Director District 2
Starting at the intersection of Rd Q NW and Division St E. East on Division St E to 6th Ave SE. South on 6th Ave SE to Marginal Way. Southwest on Marginal Way to N St SE. West on N St SE to 1st Ave SE. North on 1st Ave SE to M St SE. West on M St SE to Rd Q NW. South on Rd Q NW to HWY 281. Southerly on HWY 281 to I-90. East on I-90 to School District boundary. Counterclockwise following School District boundary to the eastern crossing of the Baird Springs Rd NW. Westerly on Baird Springs Rd NW to Overen Rd. Southerly on Overen Rd to Rd Q NW. South on Rd Q NW to the point of the beginning.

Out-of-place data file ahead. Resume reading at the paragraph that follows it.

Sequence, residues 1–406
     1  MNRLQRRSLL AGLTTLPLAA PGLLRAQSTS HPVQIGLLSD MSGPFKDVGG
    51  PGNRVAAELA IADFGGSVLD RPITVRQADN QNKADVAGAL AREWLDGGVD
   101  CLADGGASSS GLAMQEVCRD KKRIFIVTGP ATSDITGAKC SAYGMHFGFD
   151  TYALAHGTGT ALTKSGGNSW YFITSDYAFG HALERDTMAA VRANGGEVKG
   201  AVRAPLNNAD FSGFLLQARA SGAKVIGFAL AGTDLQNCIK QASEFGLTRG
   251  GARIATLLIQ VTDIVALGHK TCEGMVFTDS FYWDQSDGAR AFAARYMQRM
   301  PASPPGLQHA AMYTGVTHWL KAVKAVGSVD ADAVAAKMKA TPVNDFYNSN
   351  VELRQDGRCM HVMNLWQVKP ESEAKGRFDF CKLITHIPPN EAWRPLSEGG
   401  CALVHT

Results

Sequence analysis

Director District 3
Starting at the intersection of Rd Q NW and Division St E. East on Division St E to 6th Ave SE. South on 6th Ave SE to Marginal Way. Southwest on Marginal Way to N St SE. West on N St SE to 1st Ave SE. North on 1st Ave SE to M St SE. West on M St SE to Rd Q NW. North on Rd Q NW to M St SW. West on M St SW to 3rd Ave SW. North on 3rd Ave SW to L St SW. West on L St SW to 7th Ave SW. North on 7th Ave SW to F St SW. West on F St SW to HWY 28. Westerly on HWY 28 to School District boundary. Clockwise following School District boundary to the eastern crossing of the Baird Springs Rd NW. Westerly on Baird Springs Rd NW to Overen Rd. Southerly on Overen Rd to Rd Q NW. South on Rd Q NW to the point of the beginning.
Director District 4
Director District 5